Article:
Jan. 6 committee set to announce referral of multiple criminal charges against Trump to DOJ


The House Select Committee investigating Jan. 6, 2021 is expected to announce that it will refer at least three criminal charges against former President Donald Trump to the Justice Department, including insurrection, obstruction of official process and conspiracy to to defraud the federal government.

The committee’s final recommendations could include proposed additional charges for Trump, the source said. The recommendations for dismissal will be presented at a committee meeting on Monday and the final report will provide a rationale for the panel’s investigation to recommend the charges.

The impact the House referrals might have remains unclear, as the Justice Department’s special counsel investigation is already examining Trump in his in-depth Jan. 6 investigation. But in addition to criminal referrals, committee chairman Bennie Thompson told reporters the panel could issue five to six other categories of referrals, such as ethics referrals to the House Ethics Committee, disciplinary referrals to the bar and campaign finance credentials.

Load recommendations under study of obstruction of due process and conspiracy to defraud the federal government are consistent with allegations the select committee made against Trump and his election attorney John Eastman in a previous legal proceeding to obtain Eastman’s emails. A judge agreed with the House, finding she could access Eastman’s emails about her 2020 campaign work for Trump because the couple likely planned to defraud the United States and engage in a conspiracy to obstruct Congress, according to this legal proceeding.

The Guardian was the first to report on the committee’s review of the charges.

Steven Cheung, a Trump spokesman, criticized the committee in a statement as a “kangaroo court” that held “show trials by Never Trump supporters who are a stain on the history of this country.”

Representative Zoe Lofgren, a member of the panel, told CNN’s Jake Tapper on Friday that the panel had “been very careful in crafting these recommendations and tying them to the facts that we uncovered.”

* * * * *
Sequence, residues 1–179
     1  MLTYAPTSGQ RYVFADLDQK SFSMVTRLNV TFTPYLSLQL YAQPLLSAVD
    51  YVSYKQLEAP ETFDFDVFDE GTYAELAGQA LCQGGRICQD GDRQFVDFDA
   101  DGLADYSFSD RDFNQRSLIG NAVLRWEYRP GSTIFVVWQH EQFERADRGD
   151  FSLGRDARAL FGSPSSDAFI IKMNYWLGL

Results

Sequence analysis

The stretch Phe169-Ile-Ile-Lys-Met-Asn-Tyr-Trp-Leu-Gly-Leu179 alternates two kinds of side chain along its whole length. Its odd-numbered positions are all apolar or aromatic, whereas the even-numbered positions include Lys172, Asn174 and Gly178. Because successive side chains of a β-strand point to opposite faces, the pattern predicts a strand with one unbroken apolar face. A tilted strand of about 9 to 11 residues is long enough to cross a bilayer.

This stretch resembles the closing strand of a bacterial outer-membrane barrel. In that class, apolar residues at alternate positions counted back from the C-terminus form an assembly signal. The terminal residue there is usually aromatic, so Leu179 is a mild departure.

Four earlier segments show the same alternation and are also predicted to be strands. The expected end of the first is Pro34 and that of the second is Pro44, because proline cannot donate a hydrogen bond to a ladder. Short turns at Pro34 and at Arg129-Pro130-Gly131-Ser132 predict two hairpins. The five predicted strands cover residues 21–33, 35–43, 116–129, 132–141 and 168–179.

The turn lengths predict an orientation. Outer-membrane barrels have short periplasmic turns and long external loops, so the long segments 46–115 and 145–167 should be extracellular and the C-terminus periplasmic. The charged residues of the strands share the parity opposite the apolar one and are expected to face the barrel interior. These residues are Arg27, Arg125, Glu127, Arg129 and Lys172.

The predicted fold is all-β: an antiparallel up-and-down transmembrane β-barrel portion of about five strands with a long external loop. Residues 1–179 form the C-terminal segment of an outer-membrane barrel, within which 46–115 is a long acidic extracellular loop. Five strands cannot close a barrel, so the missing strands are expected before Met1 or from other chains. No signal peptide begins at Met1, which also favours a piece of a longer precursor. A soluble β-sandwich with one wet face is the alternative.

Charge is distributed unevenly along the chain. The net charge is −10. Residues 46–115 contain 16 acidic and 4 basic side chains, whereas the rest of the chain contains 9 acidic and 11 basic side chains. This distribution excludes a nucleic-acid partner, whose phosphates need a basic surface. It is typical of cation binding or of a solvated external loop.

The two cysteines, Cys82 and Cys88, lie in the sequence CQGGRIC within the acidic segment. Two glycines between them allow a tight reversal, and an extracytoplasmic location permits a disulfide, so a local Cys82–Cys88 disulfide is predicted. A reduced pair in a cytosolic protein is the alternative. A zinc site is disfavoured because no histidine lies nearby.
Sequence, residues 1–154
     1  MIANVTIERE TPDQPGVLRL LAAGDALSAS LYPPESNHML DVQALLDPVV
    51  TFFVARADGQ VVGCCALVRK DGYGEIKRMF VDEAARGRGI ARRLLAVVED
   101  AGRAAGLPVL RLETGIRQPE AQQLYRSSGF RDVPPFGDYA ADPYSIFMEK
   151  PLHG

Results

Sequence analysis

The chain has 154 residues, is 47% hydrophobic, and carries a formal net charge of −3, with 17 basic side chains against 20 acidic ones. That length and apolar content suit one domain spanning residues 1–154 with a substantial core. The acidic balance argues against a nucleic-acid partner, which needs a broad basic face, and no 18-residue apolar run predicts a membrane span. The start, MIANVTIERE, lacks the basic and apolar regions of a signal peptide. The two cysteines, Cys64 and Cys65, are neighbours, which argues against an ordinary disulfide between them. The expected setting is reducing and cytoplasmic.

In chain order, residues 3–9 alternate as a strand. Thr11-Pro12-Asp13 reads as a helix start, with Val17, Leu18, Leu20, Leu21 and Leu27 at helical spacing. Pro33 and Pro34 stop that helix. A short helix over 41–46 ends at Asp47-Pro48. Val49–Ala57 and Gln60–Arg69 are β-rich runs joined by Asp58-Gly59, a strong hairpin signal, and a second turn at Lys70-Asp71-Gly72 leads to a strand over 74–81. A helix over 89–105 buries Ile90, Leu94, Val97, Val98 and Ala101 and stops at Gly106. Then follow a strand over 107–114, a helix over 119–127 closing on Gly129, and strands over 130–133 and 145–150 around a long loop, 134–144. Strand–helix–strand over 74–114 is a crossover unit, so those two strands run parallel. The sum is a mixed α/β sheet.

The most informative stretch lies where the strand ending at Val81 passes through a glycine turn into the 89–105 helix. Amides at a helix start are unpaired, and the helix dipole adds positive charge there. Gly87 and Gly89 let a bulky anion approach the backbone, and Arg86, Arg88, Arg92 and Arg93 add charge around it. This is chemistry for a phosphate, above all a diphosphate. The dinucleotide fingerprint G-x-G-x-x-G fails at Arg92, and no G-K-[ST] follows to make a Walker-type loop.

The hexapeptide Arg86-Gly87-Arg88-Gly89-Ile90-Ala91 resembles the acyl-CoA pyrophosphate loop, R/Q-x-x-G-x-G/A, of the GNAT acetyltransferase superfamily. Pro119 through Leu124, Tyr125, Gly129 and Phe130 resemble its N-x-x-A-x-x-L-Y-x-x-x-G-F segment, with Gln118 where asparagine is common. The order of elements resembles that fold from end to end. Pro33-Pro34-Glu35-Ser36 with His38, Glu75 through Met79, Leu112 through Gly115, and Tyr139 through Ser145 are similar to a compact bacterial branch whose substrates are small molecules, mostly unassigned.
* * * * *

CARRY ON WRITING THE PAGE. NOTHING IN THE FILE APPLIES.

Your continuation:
“We spent an awful lot of time not just on what the code sections and the outcome recommendation are, but on the facts – and I think that’s really important when we’re discussing what we’re going to do and what we’ll have a vote on it, that people understand the facts behind the conclusions we are coming to,” the California Democrat said on “The Lead.”

The Justice Department has largely focused on criminal statutes related to violence, obstruction of congressional proceedings, and in some limited cases seditious conspiracy, when indicting defendants in connection with the attack on the US Capitol.

The committee will hold its final public meeting on Monday, and the panel’s full report will be released on Wednesday, according to Thompson. The Mississippi Democrat said the panel would approve its final report on Monday and make announcements about criminal referrals to the Justice Department, but the public won’t see the final report until two days later.

CNN previously reported that the panel also assessed criminal removals for a number of Trump’s closest allies, including Eastman, former White House chief of staff Mark Meadows, former Department of Justice official Justice Jeffrey Clark and former Trump lawyer Rudy Giuliani, according to multiple sources.

Another source warned at the time that while the names were under consideration, there were still discussions to be had before the names were finalized.

This story has been updated with additional developments.

CORRECTION: This story has been corrected to reflect that The Guardian first reported on the review of the charges.


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